Tip 13, Military Records
Austrian Empire Military Records
A detailed web page on Austro-Hungarian Land Forces 1914-1918 at http://www.austro-hungarian-army.co.uk/
WW I – German Casualty Lists
Most of the records of German casualties in World War I were lost during allied bombing in 1945, however "Verein für Computergenealogie" (Society for Computer Genealogy) has discovered casualty lists which have become among the most important surviving resources about German soldiers during the 1st World War. There are over 8.5 million records that can be searched.
Their website about these casualty lists is at http://wiki-de.genealogy.net/Verlustlisten_Erster_Weltkrieg/Projekt (in German) but the search page at http://des.genealogy.net/eingabe-verlustlisten/search is mostly in English.
These lists are of interest to GGD members because German casualties in these lists are reported over the entire area where German soldiers fought during WW I including Austria, Poland and Russia. Each event is recorded so an individual could be recorded multiple times like one soldier could be missing, then wounded and then lost/died. This site will also search for village names just by typing in a village name either for Germany or Galicia.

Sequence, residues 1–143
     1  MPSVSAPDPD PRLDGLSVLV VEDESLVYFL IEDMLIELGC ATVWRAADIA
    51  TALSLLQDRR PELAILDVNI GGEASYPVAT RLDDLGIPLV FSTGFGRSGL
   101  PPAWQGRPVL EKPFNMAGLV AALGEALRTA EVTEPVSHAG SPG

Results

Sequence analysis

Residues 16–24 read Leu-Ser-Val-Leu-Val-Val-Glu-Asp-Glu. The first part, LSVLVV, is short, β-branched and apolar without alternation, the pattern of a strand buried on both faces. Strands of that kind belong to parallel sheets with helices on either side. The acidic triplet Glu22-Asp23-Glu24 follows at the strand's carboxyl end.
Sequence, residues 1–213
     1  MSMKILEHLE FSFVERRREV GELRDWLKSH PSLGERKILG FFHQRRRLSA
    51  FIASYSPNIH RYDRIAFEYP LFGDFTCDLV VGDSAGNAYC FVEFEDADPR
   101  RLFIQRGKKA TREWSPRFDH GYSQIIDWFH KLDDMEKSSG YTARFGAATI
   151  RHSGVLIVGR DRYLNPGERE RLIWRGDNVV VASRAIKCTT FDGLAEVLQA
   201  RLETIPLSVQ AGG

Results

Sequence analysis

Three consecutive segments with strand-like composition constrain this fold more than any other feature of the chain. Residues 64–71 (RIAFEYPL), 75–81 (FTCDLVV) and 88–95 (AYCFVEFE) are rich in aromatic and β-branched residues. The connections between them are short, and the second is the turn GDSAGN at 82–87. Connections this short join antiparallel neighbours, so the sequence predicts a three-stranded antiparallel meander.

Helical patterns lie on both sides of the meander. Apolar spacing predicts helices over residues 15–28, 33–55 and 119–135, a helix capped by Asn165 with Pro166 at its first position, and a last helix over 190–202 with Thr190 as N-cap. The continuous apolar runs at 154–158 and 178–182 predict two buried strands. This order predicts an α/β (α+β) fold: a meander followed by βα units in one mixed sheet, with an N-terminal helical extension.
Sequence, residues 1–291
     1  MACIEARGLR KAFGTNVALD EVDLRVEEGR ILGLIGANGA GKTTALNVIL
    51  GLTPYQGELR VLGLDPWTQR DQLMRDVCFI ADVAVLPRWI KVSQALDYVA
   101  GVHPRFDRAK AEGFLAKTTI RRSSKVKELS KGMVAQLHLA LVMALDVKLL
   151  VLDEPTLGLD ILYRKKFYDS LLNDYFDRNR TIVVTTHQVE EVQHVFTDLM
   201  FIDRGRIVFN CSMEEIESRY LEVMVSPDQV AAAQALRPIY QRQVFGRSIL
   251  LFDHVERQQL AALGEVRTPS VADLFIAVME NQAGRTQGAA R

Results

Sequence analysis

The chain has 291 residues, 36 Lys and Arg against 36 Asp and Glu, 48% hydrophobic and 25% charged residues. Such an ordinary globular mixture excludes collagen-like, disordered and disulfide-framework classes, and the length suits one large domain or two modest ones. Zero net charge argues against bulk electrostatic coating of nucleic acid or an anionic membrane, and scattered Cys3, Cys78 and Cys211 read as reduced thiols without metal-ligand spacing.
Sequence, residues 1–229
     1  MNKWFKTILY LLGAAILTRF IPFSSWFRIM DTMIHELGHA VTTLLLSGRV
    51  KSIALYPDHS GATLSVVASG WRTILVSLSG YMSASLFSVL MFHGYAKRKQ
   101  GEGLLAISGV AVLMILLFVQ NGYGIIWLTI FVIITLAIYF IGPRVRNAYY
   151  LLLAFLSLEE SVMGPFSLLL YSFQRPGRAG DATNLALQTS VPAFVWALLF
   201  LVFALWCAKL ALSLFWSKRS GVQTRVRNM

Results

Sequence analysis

|The search box contains:|
|"Liste"||Casualty list number|
|“Reg.o.ã”||regiment or similar military unit|
|Wildcards (*) can be used with names. However, if the name being entered has ã, ō, ü or β, it is suggested one also search “a” and “ae” or “ss” variants.|
The Casualty List is printed in German Gothic typeface.
Some of the terminology used includes:
|Schwer verwundet||seriously wounded|
|Leicht verwundet||slightly wounded|
|Schw. v.u. vermin||wounded & missing|
|l.verw. In Gefgsch.||Slightly wounded in prison camp|
|tōdlich verunglückt||fatal accident|